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Discussion Starter · #1 ·
I don't really need help with a system, but I thought an open discussion on some of it's principles would be helpful for all of us.

I am planning on gettting a system from www.rancefi.com the six pack set up.

So, on direct port injections, what determines the firing of the injectors of each cylinder on a stand alone system that does not time the engine as well?

If there is a bung in the collector on each side, I guess it only "smells" the gas for that bank- so I guess there are still lean and rich cylinders?
 
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Discussion Starter · #2 ·
Man, I didn't want to move this to the technical board, more of a discussion of EFI, it's advantages, more than a specific question on the technical board, oh yell LOL
 

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hmmm

my second most favoritist topic ;D

the firing of injectors is based on a fuel map that says if this than that. uses input from throttle map/maf air temp coolant temp rpm many others.

it has preset fuel amounts based on those variables.

the injectors are fired by left and right banks usually. not timed to valve opening.

there would theortically be lean and rich cylinders but its due to air distriubtion problems
 

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CruisingRam said:
Man, I didn't want to move this to the technical board, more of a discussion of EFI, it's advantages, more than a specific question on the technical board, oh yell LOL
the tech board isnt only for tech questions. it is for anything tech. this is tech, so i moved it here ;).

Duane
 

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It would depend on if it is a "port" (PFI) EFI, or "sequential" (SFI) EFI. Both sytsems have injectors mounted in the intake runner near the valve. "Port" fires two injectors on each bank for cylinders that are near opening the intake valves. "Sequential" fires each injector in time to when that intake valve is begining to open. SFI gives more presice fuel control, but prot works fine as well. Auto manufacturers used PFI for a long time with no problems of cylinders leaning out. Fuel amount is controled by how long the injector stays open (pulse width.)
Pulse width is determined by coolant temp, O2 levels in the exhaust, MAP (Manifold Absolute Presure, vaccuum if you will, this is also used to calculate load), throttle position, intake air temp. The compute uses these variables the adjust the fuel trims (or fuel map if you will.) As far as advantages, let's see...fuel economy, power, lower emissions, throttle response, idle quality, will work on any angle (even when your oiling system won't), do you need more?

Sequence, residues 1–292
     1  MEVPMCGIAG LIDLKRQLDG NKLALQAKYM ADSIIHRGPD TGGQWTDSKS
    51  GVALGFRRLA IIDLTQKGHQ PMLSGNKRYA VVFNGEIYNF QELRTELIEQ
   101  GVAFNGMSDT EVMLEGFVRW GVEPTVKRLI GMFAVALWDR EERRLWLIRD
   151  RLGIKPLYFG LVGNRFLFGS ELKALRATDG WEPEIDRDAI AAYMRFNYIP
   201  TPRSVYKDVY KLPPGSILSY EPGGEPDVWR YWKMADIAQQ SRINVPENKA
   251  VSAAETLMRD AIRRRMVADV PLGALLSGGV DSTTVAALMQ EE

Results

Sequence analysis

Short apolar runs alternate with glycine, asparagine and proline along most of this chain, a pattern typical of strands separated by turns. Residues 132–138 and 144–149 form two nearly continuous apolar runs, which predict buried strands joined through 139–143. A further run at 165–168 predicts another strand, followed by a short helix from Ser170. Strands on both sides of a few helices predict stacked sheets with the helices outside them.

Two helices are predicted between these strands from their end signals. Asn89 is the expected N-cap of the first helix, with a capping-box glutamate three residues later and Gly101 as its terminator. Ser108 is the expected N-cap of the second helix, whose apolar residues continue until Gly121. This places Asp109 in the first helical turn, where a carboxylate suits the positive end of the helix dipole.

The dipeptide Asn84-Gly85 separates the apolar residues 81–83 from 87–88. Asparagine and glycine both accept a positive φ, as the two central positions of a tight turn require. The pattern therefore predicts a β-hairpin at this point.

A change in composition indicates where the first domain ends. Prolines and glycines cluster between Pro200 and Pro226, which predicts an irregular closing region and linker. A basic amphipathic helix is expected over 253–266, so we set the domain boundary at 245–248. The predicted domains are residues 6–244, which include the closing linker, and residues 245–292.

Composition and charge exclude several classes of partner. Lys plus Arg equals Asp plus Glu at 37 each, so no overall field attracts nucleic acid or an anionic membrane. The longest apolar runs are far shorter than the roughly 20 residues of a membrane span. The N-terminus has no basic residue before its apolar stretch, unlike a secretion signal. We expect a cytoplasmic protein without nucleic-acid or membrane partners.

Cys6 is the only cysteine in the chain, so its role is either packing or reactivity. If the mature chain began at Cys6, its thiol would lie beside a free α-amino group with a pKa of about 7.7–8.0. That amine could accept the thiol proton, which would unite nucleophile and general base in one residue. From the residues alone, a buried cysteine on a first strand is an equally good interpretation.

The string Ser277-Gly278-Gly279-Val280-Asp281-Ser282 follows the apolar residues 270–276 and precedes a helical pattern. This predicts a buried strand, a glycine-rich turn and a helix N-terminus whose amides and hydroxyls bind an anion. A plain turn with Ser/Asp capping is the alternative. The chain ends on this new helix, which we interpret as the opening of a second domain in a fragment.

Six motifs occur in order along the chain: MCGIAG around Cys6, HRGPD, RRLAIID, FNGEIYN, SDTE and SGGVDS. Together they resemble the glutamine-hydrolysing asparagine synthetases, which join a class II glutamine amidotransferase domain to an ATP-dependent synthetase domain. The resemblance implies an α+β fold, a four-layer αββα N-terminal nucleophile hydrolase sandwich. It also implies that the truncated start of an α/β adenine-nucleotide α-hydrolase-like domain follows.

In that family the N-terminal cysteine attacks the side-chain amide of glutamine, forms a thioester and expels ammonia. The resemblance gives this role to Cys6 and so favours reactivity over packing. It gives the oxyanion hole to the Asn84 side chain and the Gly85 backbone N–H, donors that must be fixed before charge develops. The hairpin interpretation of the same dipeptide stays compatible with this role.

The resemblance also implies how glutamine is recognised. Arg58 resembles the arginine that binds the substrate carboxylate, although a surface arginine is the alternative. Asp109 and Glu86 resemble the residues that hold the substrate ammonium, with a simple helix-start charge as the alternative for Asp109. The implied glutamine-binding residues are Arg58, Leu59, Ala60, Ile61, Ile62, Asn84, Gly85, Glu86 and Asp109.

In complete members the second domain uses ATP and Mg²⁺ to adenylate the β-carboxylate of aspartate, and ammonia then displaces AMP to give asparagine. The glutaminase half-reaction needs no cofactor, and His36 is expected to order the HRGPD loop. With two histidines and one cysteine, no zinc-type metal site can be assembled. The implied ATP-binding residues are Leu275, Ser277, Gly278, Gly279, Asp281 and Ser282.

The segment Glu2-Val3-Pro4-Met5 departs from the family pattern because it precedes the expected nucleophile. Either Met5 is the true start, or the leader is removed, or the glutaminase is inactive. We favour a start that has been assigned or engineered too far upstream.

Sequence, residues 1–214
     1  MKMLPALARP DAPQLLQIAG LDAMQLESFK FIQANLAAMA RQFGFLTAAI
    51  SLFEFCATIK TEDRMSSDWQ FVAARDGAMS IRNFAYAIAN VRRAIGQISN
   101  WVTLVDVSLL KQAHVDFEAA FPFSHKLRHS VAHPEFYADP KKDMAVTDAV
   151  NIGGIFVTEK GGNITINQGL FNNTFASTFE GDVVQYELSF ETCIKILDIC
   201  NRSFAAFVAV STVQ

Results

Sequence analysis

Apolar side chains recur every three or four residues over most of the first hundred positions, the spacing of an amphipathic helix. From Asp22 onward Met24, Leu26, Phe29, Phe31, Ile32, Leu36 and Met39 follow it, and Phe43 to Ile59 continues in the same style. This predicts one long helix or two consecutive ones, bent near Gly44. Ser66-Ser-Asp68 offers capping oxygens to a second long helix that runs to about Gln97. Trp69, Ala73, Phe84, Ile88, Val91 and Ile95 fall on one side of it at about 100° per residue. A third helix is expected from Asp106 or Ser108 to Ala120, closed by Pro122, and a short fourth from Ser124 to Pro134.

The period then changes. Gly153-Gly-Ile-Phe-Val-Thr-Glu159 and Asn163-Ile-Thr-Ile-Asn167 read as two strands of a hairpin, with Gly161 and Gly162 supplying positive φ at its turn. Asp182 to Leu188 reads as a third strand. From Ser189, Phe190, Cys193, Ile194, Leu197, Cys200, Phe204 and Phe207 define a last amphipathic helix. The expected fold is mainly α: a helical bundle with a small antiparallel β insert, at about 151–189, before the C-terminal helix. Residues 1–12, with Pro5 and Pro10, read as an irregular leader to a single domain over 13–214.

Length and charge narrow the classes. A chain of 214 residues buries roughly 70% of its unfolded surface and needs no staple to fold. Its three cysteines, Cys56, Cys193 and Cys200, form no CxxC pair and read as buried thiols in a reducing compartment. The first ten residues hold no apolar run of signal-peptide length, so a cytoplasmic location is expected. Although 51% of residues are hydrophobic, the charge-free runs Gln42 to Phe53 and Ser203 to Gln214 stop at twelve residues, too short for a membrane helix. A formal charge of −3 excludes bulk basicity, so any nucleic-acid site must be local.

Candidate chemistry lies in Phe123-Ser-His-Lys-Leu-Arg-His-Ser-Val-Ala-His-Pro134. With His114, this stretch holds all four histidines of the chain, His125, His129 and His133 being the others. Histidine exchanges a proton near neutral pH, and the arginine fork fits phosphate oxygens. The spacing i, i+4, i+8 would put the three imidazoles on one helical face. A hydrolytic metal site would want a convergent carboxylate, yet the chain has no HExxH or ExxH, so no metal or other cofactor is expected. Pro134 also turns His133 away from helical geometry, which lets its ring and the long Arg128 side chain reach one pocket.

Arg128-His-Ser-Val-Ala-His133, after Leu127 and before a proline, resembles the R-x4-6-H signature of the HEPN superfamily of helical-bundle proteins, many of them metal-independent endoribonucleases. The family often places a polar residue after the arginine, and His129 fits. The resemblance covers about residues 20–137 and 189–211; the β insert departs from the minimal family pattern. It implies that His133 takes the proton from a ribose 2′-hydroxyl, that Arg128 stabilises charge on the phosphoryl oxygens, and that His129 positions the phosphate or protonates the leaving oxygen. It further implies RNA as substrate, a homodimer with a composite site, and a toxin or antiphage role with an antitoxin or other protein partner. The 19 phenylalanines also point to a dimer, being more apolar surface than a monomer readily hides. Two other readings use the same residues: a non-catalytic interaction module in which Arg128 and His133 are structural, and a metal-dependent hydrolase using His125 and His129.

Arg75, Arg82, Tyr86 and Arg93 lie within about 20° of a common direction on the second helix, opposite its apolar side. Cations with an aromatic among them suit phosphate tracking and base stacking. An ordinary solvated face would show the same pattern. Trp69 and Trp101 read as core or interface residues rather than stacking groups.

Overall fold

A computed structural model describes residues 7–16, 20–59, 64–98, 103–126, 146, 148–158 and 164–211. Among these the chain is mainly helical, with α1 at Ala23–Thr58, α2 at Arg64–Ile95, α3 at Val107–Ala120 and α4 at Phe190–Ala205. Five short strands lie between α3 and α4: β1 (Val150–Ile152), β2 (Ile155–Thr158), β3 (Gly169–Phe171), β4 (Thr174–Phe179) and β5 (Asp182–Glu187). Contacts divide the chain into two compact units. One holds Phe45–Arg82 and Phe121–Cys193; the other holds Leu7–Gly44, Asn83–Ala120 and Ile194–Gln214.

-stew-
 

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Donk said:
doesn't Batch Fire shoot a whole bank at once
Just think if this was kept on the open discussion board what this could have been.

"Whose shooting batches?"
"You smell what from my bung?"

In regard to the fuel injection, you are unlikely to run any cylinder lean even if its the port injection since the program compensates for this. The gas may lose some intake velocity, but will not go to waste in some cylinders.
 

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How many injectors operate at once on batch fire depends on how you set it up and how many ECU outputs are driving injectors. Keeping it simple you'd just have a left bank and a right bank, but that would mean you'd have to split your fuel injection time up to four ways which can be detrimental to repeatable injection volumes. A better way to set it up would be to phase-pair two cylinders, allowing only two injection events per cycle (one at beginning of intake, another at the beginning of the power stroke). The best is sequential injection, but with a V8 that requires a lot of available injector drivers from your ECU and requires more sensors.

Going back to CruisingRam's question, you will need to have a crankshaft position sensor at the very least to operate EFI. To run sequential you'll need the crank position and a cam position. Different ECU manufacturers will have different requirements of where the pickups have to be relative to #1 cylinder TDC and how many "teeth" your crank/cam pickup wheels will have to have. Sequential requires both cam/crank sensors because a crank pickup can index the engine so the ECU knows when the #1 cylinder is at TDC, but it requires the cam sensor (turning at 1/2 crank speed of course, for twice the resolution) to tell the ECU whether the cylinder is at TDC on compression or exhaust.

With any setup other than sequential you are likely to have air/fuel ratio variations from cylinder to cylinder. Even with seqeuential, you will have to manually tune injection times to each individiual cylinder's relative airflow. It's not so hard if you can instrument each individual exhaust port for EGT or use spark plug seat thermocouples.
 
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